However, if your goal is to own a home you plan on living in, then it may make sense to have more equity on it from the start.

If you buy a home that's outside your means though, putting more down will still put you at a financial disadvantage.


Abe

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Re: 1% Down Mortgages
« Reply #21 on: March 05, 2017, 10:29:27 AM »


However, if your goal is to own a home you plan on living in, then it may make sense to have more equity on it from the start.

This is only true if you have a rate that is higher than whatever you could earn long-term investing in something else. Otherwise you're less diversified in your investment/savings/equity position. In all other cases it's better to have less equity. This is just a subset of how fast to pay your mortgage discussion. 

maizeman

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Re: 1% Down Mortgages
« Reply #22 on: March 05, 2017, 10:38:29 AM »


However, if your goal is to own a home you plan on living in, then it may make sense to have more equity on it from the start.

This is only true if you have a rate that is higher than whatever you could earn long-term investing in something else. Otherwise you're less diversified in your investment/savings/equity position. In all other cases it's better to have less equity. This is just a subset of how fast to pay your mortgage discussion.

The problem is that you won't know what you'd earn in alternative investments until after you've already done it. We had the same discussion over in the "I didn't pay off my mortgage and I feel great" thread, and running the numbers is looks like a person in the USA with a 30 year mortgage would be better off paying it off quickly one time out of eight, and better off putting extra money in the stock market seven times out of eight.

Some people will take that as a ringing endorsement to make minimum payments on their mortgages and invest the balance in the stock market, others as confirmation that it's risky to use their mortgage as a source of leverage and they should just pay it off. Neither is false, it just depends on how different people weight getting the best average outcome against getting the least-bad worst case outcome.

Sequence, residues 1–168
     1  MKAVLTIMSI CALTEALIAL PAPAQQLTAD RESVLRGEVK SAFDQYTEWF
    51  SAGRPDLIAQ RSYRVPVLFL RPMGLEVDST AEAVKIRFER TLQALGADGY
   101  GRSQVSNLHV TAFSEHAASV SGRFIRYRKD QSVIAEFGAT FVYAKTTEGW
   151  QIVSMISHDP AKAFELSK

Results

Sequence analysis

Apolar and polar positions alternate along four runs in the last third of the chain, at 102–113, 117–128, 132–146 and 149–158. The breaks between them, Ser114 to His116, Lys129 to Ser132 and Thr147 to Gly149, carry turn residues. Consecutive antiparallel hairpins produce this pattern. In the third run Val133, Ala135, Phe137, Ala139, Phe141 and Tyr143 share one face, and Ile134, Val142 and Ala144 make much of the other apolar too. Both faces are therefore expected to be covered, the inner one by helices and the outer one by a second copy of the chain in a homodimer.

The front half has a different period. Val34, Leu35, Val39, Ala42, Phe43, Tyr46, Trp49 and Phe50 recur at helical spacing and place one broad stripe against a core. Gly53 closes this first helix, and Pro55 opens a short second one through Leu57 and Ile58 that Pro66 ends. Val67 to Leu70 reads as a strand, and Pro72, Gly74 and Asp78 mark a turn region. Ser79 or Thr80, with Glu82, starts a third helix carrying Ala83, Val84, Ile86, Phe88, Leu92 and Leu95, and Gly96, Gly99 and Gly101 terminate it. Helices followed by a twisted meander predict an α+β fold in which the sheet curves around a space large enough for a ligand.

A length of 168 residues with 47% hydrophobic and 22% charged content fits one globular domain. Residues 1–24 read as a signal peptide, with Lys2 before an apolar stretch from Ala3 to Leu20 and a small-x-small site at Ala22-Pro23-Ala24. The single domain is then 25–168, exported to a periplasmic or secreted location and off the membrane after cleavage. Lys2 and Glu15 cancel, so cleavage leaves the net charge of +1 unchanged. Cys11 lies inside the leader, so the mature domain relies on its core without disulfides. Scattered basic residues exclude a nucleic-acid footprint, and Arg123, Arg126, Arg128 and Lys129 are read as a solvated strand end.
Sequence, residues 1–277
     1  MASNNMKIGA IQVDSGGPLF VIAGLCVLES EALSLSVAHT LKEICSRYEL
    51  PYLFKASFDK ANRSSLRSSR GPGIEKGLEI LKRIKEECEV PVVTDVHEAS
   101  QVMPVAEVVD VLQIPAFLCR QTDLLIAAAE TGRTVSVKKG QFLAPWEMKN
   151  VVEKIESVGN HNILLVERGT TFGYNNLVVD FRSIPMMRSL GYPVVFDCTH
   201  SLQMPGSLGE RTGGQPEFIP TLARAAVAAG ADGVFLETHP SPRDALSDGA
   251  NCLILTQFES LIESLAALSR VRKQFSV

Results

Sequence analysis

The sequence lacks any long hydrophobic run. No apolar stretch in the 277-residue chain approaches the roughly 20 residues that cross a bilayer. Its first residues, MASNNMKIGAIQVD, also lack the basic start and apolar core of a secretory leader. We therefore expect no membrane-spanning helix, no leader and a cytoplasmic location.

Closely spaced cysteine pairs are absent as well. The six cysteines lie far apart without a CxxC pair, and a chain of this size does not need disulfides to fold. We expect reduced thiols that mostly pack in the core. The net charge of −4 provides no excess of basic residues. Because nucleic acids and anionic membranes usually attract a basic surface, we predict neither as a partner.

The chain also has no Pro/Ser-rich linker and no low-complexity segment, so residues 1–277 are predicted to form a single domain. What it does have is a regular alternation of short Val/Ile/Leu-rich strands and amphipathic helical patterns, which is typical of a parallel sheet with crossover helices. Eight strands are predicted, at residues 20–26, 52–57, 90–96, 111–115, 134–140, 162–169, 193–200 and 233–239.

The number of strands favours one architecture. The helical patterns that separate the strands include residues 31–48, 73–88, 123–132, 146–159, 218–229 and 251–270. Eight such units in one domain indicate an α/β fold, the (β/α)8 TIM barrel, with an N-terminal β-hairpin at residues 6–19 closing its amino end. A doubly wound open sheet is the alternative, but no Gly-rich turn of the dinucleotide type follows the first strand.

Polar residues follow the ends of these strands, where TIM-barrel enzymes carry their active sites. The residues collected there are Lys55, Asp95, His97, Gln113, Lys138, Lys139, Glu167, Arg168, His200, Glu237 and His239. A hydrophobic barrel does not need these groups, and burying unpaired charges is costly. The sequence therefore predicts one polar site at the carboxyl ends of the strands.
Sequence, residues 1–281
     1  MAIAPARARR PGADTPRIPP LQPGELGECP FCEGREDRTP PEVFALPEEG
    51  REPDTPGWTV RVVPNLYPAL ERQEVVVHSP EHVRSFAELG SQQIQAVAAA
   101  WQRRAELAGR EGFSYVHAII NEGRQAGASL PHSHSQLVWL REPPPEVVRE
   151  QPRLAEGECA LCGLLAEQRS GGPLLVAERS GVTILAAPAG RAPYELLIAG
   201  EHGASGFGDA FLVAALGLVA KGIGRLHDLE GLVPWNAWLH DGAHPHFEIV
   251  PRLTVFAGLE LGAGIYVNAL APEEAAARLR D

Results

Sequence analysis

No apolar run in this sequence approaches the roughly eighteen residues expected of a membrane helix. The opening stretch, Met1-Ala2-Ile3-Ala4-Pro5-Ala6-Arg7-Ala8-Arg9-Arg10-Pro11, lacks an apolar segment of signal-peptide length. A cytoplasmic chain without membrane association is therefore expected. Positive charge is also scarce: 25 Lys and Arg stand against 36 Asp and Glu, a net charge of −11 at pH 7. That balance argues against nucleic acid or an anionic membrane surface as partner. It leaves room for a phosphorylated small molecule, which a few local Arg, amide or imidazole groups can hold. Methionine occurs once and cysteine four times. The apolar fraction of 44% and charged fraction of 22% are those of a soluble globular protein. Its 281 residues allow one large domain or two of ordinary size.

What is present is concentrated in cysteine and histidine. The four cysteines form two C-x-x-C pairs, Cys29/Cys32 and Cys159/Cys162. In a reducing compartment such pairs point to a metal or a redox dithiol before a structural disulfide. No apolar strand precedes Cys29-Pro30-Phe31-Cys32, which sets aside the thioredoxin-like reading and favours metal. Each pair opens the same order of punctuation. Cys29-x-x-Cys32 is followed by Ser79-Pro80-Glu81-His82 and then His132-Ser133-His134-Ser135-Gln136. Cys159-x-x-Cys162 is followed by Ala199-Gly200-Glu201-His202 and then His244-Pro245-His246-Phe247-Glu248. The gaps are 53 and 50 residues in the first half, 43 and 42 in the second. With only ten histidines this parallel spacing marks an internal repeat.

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Kimera757

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Re: 1% Down Mortgages
« Reply #23 on: March 05, 2017, 01:32:55 PM »
Supposedly there's a high risk of putting down little money on a mortgage: negative equity.

If you put down 5%, and the housing market collapses, your house would lose so much value that you're "underwater" (you owe more than the house is worth). Supposedly banks might try to take the house back if that happens, presumably when you try to renew your mortgage. (In Canada, a mortgage term of over 5 years is really rare.) I'm not sure if it's reasonable for the bank to try to take back the house, at least not in Canada: people will heroically hang onto their house, refusing to rent or downsize, instead cutting back on other spending, in order to not lose the house. Why would the bank release such a still-paying customer, when the bank would have to sell the house at a loss?

Lots of Canadians are house poor because they bought "too much house", or their expenses rose after buying the house and they haven't cut back effectively, but Canadians actually getting foreclosed on is really rare. In addition, Canadians can "walk away from their house" in only one province. In many US states, you were allowed to do that (this commonly occurred when your house was "underwater").

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Re: 1% Down Mortgages
« Reply #24 on: March 05, 2017, 03:57:32 PM »